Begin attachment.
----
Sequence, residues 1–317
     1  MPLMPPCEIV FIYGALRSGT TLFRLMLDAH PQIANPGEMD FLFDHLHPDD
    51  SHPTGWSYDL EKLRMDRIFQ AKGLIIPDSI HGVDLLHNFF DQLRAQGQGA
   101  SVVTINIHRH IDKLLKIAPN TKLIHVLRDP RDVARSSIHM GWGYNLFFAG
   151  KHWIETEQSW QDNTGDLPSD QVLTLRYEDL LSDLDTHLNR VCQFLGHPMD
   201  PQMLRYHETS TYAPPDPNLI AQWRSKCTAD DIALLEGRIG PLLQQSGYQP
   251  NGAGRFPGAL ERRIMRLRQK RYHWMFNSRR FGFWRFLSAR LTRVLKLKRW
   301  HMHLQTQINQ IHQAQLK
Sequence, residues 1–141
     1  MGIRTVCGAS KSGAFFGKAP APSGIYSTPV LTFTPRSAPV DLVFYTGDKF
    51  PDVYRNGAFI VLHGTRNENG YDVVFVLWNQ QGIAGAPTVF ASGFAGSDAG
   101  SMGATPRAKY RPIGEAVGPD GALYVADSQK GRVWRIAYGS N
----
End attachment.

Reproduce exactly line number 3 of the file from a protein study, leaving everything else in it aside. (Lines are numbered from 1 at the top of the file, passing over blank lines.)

    51  SHPTGWSYDL EKLRMDRIFQ AKGLIIPDSI HGVDLLHNFF DQLRAQGQGA